KNN, I am also confused. So, please tell me the money in my CPF account belongs to who? Who has the right to use it, spend it or use it to buy Medishield Life or CPF Life? Oh dear, if the entity that decides how to spend the money must be the owner of the money, then I retract my question. Sorry, take it that I never ask. It just confirms that the money is not my money because I cannot or did not decide or give permission for the CPF to buy CPF Life and Medishield Life Insurance for me. And yes, I also cannot decide when I can take out the money and how much I want to take out for my own use. So, on these grounds it is not my money. Tiok Boh?

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Chia Yong Yong: From "lean left till nothing left" to "CPF is our money"

But I fear all is lost because her in now shorthand, "CPF is not your money" will eclipse the other catch phrase.

Look, even the PM had chosen to quote her on CPF as "our money".

I don't know who advises the PM on communication. Often I found him making poor choices in timing and words.

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Three reasons why you may have mistaken NMP Chia Yong Yong as a PAP MP

As many of us are aware, the Nominated Member of Parliaments (NMP) are selected to provide more independent and diverse voices in the House.

They are chosen from functional groups, such as (a) business and industry; (b) labour; (c) the professions; (d) social and community service organisations; (e) tertiary educational institutions; and (f) media, the arts and the sports organisations.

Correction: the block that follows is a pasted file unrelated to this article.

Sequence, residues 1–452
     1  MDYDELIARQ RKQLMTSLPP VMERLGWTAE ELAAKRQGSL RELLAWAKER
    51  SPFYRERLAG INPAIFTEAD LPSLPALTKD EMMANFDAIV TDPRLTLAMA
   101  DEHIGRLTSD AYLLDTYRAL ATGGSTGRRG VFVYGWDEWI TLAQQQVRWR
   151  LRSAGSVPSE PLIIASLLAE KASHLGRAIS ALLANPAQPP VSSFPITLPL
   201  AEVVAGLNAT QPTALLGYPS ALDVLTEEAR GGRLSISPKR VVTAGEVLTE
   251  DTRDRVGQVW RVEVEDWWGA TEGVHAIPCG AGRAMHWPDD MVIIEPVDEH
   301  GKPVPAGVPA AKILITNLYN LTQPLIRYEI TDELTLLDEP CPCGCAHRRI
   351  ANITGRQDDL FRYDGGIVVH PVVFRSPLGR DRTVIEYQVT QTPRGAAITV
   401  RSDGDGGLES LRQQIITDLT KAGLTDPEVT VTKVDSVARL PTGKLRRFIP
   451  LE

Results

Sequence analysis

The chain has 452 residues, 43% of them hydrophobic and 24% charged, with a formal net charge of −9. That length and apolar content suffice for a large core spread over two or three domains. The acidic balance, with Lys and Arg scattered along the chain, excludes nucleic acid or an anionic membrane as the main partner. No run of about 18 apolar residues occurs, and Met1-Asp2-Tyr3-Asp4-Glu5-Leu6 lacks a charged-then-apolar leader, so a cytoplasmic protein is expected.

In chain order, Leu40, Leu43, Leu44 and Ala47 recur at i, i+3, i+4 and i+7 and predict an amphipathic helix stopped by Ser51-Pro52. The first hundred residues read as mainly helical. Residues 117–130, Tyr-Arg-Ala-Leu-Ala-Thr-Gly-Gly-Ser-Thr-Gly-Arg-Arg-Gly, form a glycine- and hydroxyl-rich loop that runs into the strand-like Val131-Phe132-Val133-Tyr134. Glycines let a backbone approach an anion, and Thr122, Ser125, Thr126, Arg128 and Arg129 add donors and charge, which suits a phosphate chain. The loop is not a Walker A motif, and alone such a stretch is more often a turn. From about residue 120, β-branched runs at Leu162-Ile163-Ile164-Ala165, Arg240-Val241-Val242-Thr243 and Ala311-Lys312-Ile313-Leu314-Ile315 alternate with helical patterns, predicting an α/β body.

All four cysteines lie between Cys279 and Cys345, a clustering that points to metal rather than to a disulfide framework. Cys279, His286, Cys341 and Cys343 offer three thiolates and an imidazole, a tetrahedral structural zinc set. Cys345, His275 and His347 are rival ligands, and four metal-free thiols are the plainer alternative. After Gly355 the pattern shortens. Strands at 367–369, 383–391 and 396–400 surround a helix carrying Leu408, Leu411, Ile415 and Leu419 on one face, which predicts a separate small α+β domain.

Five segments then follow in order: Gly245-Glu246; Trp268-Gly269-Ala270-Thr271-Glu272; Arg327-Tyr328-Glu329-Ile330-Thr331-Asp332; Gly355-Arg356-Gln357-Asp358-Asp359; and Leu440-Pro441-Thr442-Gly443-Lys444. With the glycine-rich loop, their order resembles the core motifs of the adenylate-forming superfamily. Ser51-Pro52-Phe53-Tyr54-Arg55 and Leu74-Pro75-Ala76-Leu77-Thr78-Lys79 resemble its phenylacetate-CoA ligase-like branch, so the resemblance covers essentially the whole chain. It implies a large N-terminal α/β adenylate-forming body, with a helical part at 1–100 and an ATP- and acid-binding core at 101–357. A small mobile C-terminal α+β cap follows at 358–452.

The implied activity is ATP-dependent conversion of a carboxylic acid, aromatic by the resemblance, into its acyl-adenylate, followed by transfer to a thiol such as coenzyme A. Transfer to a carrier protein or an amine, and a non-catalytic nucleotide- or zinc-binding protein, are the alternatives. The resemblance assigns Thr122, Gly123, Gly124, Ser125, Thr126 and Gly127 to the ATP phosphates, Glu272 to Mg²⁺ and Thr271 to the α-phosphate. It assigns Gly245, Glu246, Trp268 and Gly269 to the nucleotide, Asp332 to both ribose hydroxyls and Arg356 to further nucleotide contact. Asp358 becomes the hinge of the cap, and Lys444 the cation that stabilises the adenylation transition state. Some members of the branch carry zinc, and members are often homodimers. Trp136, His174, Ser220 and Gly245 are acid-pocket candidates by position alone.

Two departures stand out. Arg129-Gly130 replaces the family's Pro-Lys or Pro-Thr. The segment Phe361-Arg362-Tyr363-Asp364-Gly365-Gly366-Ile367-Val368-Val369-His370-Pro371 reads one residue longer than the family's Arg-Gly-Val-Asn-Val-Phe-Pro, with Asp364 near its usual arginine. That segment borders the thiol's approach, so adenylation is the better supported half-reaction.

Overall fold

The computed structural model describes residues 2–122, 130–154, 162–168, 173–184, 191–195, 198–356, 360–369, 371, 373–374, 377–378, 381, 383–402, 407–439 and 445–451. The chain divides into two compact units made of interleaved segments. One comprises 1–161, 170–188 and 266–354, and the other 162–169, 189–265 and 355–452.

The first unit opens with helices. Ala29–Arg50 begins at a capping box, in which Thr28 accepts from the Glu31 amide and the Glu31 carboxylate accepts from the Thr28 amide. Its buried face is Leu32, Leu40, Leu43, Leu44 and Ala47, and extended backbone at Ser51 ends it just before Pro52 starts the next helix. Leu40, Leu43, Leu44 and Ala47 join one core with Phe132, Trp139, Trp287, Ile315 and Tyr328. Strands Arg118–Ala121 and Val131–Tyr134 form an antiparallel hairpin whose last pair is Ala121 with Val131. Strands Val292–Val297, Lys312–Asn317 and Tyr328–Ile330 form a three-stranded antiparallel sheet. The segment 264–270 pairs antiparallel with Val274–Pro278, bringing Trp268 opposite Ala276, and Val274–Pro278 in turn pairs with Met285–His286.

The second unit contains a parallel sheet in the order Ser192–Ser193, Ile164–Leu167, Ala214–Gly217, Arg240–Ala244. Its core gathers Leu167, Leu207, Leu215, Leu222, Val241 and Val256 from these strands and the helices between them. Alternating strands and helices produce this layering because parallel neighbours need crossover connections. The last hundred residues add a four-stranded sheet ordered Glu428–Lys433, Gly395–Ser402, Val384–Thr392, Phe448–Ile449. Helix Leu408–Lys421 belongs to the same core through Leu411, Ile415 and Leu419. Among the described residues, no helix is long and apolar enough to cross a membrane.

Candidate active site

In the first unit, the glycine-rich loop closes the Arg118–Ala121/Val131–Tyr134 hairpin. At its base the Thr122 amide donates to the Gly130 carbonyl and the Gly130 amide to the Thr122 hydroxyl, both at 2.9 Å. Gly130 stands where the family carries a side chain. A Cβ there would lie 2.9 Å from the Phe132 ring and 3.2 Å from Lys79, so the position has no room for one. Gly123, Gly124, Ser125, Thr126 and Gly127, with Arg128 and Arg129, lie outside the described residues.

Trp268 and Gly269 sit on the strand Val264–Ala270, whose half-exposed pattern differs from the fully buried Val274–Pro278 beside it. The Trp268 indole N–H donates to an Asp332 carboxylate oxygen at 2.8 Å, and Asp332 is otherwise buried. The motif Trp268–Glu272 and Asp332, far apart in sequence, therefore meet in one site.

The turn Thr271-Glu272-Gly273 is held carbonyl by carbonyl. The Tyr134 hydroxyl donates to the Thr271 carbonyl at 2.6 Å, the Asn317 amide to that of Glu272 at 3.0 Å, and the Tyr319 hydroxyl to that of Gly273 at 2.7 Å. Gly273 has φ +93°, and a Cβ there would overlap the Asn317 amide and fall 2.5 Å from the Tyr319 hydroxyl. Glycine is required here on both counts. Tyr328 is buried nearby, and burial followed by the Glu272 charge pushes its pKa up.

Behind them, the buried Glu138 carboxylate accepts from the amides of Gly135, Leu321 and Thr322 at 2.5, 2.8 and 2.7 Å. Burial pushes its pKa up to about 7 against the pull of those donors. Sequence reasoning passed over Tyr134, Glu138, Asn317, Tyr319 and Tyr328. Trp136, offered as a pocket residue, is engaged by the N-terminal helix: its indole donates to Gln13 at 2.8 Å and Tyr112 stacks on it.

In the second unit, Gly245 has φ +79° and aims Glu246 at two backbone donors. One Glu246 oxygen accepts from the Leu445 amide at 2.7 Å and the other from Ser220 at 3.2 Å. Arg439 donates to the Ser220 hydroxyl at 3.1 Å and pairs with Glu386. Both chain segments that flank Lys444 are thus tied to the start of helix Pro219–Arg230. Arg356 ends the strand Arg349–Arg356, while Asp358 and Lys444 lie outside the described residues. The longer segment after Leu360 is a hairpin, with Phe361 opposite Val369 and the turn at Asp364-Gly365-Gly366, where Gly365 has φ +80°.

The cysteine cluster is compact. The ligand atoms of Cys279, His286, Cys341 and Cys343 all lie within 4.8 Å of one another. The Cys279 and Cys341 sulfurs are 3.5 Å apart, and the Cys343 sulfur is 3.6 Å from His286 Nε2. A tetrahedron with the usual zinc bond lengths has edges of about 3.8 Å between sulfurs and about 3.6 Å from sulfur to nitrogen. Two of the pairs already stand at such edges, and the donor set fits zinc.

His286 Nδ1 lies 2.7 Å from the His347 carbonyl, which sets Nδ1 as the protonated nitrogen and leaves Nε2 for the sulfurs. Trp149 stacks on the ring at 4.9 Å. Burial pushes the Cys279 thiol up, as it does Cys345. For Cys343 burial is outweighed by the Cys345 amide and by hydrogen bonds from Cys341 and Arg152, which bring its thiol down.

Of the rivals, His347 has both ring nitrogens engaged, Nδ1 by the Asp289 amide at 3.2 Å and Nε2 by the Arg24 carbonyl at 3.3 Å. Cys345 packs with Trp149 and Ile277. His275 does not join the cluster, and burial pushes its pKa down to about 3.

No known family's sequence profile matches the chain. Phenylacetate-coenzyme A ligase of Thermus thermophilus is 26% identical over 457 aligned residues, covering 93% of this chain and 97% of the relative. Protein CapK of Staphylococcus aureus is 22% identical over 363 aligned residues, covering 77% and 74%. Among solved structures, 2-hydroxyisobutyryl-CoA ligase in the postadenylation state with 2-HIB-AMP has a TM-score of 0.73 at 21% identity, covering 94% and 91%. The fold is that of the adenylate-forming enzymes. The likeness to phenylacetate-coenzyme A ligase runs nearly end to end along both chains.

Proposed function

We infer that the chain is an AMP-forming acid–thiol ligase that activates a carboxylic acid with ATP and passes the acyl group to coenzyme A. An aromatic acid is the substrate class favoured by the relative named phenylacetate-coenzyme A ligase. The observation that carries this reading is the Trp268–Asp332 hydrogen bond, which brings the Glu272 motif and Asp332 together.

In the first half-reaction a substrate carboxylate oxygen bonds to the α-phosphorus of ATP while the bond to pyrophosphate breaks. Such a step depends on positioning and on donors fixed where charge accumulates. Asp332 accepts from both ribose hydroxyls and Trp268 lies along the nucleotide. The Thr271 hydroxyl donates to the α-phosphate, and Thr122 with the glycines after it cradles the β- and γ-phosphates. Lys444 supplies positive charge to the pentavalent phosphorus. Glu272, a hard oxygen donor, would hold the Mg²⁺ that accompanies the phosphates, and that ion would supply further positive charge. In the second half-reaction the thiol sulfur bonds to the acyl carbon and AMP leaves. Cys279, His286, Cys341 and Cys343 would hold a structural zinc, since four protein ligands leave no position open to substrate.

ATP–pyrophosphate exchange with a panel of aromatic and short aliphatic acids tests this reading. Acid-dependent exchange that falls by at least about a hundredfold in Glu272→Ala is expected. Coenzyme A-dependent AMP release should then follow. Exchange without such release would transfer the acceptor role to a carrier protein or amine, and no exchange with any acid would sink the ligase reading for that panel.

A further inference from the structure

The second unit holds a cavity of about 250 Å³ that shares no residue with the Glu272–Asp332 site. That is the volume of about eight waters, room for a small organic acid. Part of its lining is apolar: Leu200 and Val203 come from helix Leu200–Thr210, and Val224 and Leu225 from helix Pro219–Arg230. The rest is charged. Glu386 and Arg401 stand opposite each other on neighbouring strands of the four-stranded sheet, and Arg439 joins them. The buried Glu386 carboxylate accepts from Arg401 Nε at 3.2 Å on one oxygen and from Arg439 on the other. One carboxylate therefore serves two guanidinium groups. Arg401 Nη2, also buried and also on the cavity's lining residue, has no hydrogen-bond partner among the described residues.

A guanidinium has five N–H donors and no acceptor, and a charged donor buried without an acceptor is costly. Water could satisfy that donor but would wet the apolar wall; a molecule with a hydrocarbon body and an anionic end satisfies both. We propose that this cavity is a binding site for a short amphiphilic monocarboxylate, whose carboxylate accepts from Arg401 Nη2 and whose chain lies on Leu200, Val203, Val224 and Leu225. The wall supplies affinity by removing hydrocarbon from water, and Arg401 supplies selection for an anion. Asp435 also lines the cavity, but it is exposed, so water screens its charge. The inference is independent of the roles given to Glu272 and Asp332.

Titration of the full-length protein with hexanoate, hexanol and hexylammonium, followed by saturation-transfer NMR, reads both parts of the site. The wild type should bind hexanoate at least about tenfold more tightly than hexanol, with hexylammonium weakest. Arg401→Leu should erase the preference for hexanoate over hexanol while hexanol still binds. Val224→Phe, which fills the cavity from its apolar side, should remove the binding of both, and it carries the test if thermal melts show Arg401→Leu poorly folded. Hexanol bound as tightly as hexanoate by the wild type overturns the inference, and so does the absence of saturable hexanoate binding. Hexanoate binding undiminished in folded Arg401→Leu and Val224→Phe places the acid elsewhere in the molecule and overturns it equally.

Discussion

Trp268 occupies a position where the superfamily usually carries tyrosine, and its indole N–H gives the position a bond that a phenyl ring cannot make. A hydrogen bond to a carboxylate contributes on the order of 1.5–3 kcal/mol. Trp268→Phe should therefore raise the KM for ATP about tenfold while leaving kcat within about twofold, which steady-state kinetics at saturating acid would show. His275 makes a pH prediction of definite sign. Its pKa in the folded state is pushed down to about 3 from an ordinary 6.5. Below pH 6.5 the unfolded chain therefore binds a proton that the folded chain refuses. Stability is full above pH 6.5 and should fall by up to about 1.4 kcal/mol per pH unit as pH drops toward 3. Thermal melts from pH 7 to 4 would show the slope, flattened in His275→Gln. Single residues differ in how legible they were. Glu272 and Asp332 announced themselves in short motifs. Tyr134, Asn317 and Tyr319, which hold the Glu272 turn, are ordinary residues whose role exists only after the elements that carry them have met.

The PAP is not represented as one of the functional groups, especially since there are already 80 of them.

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PAP leaning too much to the left

While Budget 2015 has been praised be some Members of Parliament (MPs) and observers as being left-leaning, Nominated MP Chia Yong Yong today (March 3) cautioned against an expenditure that leans too heavily to the left, leading to members in the House thumping their armrests in approval.

Speaking in Parliament during the debate on the Budget Speech, Ms Chia said: “We have in conclusion, a budget that is arguably very generous, and for which I am also very thankful. We have a budget that has been praised and approved as being leaning to the left.”

“But I would also argue that if we lean too much to the left, we will not have much left,” said Ms Chia.

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Chia Yong Yong: a stupid NMP

Reading the comments, it’s clear that she thinks that the employers’ contributions are not part of our salaries. Hello? What planet is she on?